What is Forfeiture of Security Deposit in Elections in India?
India is considered the largest democracy in the world. To run the country's democratic system properly elections are usually conducted at a span of 5 years. Candidates contesting in the election have to give details (to the Election Commission) about their qualifications, total assets, marital status etc.
What is the Bail Amount?
As per Section 34 1 (a) of the Representation of the People Act,1951; it is mandatory for the general candidates to deposit security amount of Rs.25000 in case of Parliamentary constituency and Rs. 10, 000 to fight an election in Assembly Constituency.
It is worth to mention that As per Sec. 34 (1) (b) candidates belonging to Scheduled Caste / Scheduled Tribe have to deposit only half of the amount for these two elections. Therefore, this amount deposited with the Election Commission is called a security deposit in the election.
What is called the Forfeiture of Security Deposit in Elections
Section 158 of the Representation of the People Act, 1951, explains the ways of returning the security deposit of the candidates in different exams. In these ways, there is a way that determines which candidate's security deposit will be confiscated by the election commission of India.
As per the rule; if a candidate gets less than 1/6th of the total number of valid votes cast in any constituency then his security deposit will be confiscated. This means that the candidate who had deposited Rs. 25, 000 or Rs. 10,000 or any other amount to the Election Commission will not be returned by the Election Commission of India.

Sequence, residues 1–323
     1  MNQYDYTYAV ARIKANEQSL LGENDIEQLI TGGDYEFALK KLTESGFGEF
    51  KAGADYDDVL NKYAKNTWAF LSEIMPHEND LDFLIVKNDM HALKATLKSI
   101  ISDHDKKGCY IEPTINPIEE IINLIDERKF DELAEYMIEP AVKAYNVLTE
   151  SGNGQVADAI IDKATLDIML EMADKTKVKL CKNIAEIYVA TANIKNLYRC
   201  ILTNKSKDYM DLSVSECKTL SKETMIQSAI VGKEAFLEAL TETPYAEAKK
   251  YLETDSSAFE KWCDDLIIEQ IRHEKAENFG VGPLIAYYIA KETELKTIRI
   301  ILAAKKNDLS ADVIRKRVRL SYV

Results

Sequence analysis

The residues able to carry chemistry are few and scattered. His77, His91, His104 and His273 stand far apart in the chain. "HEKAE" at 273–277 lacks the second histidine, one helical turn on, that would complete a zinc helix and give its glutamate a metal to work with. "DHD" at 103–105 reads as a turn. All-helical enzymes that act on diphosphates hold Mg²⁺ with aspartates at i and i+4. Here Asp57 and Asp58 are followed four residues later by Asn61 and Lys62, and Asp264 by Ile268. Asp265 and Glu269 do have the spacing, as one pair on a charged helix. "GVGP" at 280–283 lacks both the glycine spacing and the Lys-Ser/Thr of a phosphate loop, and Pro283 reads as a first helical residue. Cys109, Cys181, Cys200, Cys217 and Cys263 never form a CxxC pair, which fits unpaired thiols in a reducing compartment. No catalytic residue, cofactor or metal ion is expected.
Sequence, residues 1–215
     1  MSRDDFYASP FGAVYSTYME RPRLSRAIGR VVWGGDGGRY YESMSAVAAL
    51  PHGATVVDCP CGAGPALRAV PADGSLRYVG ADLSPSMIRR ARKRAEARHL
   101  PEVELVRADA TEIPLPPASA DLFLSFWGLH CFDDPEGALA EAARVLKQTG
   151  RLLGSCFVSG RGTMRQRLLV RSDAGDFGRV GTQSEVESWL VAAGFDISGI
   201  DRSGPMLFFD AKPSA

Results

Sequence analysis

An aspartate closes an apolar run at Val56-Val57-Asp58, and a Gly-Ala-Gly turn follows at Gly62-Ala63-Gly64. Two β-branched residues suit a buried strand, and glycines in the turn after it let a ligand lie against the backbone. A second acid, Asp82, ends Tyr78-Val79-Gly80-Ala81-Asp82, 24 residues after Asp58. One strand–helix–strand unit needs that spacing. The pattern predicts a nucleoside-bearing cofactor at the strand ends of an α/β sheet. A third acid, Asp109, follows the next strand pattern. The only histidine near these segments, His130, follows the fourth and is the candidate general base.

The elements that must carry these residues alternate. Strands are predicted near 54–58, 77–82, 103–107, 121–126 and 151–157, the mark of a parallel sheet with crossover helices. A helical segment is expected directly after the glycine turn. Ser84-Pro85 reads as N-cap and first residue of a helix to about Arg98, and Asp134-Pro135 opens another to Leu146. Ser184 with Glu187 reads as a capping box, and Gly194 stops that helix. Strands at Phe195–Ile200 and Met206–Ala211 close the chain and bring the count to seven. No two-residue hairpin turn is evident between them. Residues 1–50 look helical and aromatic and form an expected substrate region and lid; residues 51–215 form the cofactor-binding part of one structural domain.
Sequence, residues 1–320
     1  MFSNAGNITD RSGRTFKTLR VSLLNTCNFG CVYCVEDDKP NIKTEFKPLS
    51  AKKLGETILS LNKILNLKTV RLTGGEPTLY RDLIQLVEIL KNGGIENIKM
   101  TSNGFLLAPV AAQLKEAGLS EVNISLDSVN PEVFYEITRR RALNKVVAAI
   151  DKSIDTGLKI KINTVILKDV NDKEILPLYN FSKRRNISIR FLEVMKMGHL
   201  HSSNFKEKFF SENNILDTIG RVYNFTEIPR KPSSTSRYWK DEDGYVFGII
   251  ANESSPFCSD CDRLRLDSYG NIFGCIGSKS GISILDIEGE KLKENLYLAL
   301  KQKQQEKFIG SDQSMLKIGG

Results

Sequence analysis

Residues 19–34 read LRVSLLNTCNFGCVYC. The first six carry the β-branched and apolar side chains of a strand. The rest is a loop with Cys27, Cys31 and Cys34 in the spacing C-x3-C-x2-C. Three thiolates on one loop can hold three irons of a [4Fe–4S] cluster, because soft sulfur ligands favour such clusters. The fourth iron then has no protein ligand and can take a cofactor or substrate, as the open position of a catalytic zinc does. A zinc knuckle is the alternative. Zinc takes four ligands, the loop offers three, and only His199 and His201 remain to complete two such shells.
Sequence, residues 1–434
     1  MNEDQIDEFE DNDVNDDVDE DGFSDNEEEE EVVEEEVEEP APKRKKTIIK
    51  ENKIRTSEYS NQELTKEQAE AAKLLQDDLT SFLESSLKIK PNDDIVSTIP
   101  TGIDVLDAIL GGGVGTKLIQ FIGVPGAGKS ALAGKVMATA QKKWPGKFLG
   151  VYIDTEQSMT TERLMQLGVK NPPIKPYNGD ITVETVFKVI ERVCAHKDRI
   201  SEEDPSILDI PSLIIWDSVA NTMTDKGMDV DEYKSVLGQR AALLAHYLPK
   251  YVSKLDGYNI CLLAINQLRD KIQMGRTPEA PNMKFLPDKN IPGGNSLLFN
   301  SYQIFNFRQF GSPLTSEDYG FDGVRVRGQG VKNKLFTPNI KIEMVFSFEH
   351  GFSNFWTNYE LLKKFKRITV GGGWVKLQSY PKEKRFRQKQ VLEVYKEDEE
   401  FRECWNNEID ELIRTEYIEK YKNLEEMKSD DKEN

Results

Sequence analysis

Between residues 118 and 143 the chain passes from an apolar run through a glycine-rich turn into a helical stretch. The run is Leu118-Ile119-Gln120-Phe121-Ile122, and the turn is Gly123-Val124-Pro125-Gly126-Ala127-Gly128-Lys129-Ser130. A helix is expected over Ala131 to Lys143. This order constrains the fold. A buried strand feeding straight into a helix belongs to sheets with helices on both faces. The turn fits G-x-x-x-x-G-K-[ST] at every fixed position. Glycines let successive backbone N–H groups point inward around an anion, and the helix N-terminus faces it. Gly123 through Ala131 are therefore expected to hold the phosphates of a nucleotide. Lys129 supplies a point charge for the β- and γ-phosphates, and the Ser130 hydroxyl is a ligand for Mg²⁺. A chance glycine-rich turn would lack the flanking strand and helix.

For example; if one lakh votes were cast in an assembly seat, in order to save the security deposit, every candidate would have to secure 1/6th of the total number of valid votes cast for that assembly seat. It means every candidate must secure more than 16,666 votes.
In First Lok Sabha Elections in 1951-52, almost 40% i.e. 745 out of 1874 candidates forfeited their deposits. Since then, almost all Lok Sabha Elections witnessed a continuous trend of lost deposits. Its peak came in the 11th Lok Sabha Elections in 1996, where 91 percent or 12688 out of 13952 candidates lost their deposits.
Security Deposit is Returned in the following circumstances;
1. If the name of the candidate not shown in the list of contesting candidates it means either his/her name is being rejected by the Election Commission or he/she has withdrawn candidature. Or
2. If the candidate dies before voting starts; Or
3. If the candidate won the election; Or
4. If a candidate does not wins but he/she secures more than 1/6 of the total valid votes cast in the constituency. Or
5. If the candidate wins the election but does not get 1/6 of the total valid votes, then his security deposit is returned.
Yes, there have been many such cases in our country when even an election-winning candidate does not get 1/6 of the total legal votes. But it is a democracy where there is no bar to getting minimum votes to secure victory in the election.
Note: If the candidate receives exactly 1 / 6th of the total valid votes, still his security deposit is forfeited by the Election Commission.
Why the Election Commission requires a security deposit?
This amount is deposited so that only the serious candidates file the nomination to contest the election. But the EC's move does not seem to be quite effective because the amount required for the security deposit is very meagre and a lot of candidates files nomination to get the cash from other parties to withdraw their nomination.
In conclusion, it can be said that the Election Commission of India takes many steps to conduct free and fair parliamentary and assembly elections in the country. So the deposit of security amount is one of them, but it is the need of the hour that the Election Commission should increase the amount of security deposit to scrutinize the serious candidates.